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Present: Judges Annunziata, Frank and Senior Judge Bray
Argued at Chesapeake, Virginia
Record No. 1078-02-1


APRIL 1, 2003


Verbena M. Askew, Judge

Alfred O. Masters, Jr., for appellant.

Linwood T. Wells, Jr., Assistant Attorney General (Jerry W. Kilgore, Attorney General, on brief), for appellee.

In a bench trial, the trial court convicted Francisca J. Louis (defendant) for feloniously “defraud[ing an] Innkeeper” in violation of Code ??18.2-188.[1] On appeal, defendant contends the evidence was insufficient to support the conviction. We agree and reverse the trial court.


“On appeal, ‘we review the evidence in the light most favorable to the Commonwealth, granting to it all reasonable inferences fairly deducible therefrom.'” Archer v. Commonwealth, 26 Va.?App. 1, 11, 492 S.E.2d 826, 831 (1997) (citation omitted).

The facts are substantially uncontroverted. Appellant and her five children, military dependents, returned from Germany to the United States in early September, 1999. Because a local military “post” was unable to accommodate the family, defendant secured lodging at the “TDY Inn” while she sought more suitable housing. By September 14, defendant had “signed a lease” for a home located in Newport News, but, before she relocated, flood waters from Hurricane Floyd inundated both the residence and the TDY Inn, necessitating evacuation from the motel.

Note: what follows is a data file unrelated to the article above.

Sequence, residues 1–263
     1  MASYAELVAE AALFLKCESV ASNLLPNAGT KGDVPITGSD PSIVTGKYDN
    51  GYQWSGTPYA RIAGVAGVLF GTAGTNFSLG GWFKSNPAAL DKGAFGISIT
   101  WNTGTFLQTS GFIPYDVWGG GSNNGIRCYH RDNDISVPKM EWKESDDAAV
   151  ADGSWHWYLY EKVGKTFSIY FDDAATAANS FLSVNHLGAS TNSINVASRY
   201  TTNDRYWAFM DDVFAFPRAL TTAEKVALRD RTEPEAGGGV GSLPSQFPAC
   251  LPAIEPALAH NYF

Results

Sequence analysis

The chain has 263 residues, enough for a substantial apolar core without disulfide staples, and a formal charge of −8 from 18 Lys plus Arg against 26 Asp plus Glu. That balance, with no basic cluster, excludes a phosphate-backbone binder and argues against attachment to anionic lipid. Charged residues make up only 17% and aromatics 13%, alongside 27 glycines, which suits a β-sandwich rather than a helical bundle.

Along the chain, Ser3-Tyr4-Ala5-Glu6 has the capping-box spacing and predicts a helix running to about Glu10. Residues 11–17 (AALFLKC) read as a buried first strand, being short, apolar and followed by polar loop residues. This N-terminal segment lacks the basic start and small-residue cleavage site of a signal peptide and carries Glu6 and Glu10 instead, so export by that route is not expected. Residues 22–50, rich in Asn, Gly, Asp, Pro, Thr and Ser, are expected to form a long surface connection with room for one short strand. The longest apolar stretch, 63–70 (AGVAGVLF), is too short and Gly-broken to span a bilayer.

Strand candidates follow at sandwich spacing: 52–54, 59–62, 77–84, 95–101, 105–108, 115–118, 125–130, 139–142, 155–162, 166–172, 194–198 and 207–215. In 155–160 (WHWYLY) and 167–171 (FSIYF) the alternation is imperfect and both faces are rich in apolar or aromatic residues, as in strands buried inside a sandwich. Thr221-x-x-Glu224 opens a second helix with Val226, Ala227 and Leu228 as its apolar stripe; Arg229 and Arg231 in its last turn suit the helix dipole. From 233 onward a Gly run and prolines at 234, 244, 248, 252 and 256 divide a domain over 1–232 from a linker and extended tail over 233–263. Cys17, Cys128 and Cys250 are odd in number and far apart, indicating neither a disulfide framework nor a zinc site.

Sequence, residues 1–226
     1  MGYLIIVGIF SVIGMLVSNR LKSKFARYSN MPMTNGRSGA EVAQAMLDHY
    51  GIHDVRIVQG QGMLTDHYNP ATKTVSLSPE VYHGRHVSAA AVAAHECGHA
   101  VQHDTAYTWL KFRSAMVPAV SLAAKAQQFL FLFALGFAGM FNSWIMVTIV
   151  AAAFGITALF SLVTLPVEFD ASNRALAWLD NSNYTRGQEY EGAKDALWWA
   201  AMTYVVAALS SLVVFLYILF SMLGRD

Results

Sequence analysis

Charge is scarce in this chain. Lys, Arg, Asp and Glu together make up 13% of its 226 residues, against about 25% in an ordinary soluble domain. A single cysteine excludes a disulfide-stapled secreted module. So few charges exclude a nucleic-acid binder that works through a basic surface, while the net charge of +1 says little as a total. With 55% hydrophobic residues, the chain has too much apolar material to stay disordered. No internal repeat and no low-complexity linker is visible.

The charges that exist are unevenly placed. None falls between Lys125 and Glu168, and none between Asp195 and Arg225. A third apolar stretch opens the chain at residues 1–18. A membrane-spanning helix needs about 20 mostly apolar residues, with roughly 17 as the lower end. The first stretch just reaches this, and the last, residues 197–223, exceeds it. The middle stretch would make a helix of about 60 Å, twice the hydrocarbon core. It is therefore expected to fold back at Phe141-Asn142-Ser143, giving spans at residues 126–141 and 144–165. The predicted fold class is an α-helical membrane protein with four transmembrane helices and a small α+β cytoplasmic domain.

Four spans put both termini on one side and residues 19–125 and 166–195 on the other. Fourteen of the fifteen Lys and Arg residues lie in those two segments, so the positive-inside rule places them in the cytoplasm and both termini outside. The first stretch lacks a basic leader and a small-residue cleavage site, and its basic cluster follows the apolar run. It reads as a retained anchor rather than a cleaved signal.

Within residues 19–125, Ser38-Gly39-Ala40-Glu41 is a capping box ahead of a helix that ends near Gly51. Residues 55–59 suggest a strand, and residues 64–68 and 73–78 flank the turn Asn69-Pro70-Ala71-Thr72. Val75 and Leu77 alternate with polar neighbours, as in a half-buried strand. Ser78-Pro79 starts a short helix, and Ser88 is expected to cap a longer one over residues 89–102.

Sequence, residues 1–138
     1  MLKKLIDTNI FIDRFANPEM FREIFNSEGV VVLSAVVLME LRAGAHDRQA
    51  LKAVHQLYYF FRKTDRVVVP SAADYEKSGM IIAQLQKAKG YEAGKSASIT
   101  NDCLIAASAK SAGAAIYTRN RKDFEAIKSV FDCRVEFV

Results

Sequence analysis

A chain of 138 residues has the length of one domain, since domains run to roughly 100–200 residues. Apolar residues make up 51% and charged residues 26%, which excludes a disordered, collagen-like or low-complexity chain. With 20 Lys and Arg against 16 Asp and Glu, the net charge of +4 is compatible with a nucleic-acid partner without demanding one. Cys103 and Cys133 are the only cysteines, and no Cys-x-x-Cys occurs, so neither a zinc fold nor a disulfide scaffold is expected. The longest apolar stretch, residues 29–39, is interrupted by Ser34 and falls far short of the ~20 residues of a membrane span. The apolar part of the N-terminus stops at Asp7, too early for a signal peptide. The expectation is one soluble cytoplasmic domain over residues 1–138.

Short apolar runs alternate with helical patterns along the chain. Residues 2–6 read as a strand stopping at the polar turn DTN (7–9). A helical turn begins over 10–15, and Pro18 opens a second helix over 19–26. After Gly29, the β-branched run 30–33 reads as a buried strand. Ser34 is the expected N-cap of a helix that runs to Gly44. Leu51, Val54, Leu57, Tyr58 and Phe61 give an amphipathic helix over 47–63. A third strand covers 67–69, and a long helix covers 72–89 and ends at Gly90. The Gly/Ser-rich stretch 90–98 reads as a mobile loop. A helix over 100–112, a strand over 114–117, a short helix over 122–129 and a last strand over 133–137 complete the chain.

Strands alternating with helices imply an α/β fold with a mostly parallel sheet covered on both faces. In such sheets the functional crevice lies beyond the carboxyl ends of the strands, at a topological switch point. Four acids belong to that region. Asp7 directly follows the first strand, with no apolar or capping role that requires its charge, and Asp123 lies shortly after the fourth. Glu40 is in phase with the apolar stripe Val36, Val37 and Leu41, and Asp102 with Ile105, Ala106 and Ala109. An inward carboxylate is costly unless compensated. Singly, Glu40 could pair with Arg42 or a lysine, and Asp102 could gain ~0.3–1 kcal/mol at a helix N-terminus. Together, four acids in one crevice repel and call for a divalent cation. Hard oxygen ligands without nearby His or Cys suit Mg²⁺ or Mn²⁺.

By prior arrangement with the Red Cross, the nearby Mulberry Inn agreed to accept persons displaced by the storm waters, and defendant was directed there by the manager of the TDY Inn. Defendant had not confirmed entitlement to Red Cross relief, but, nevertheless, proceeded with her children to the Mulberry Inn on September 16, 1999. Requesting a room, defendant represented to the clerk that she had been displaced by the flood and was “with the Red Cross,” although unable to provide a related “voucher” or “notice.” Defendant completed the registration card required by the Mulberry Inn, indicated both “cash” and “credit card” as the “method of payment,” listed the address of the recently rented home as her residence and was assigned a room.

During the ensuing twelve days of her stay, defendant, on “several” occasions, assured Mulberry Inn employees that she was “in the process” of obtaining forms necessary to secure Red Cross payment of the lodging costs directly to the Inn. When her account of $1,022.28 remained unpaid at the time of “checkout” on September 28, 1999, defendant acknowledged ultimate responsibility for the debt, but again assured the management that either the Red Cross or the Federal Emergency Management Agency (FEMA) would satisfy the charges.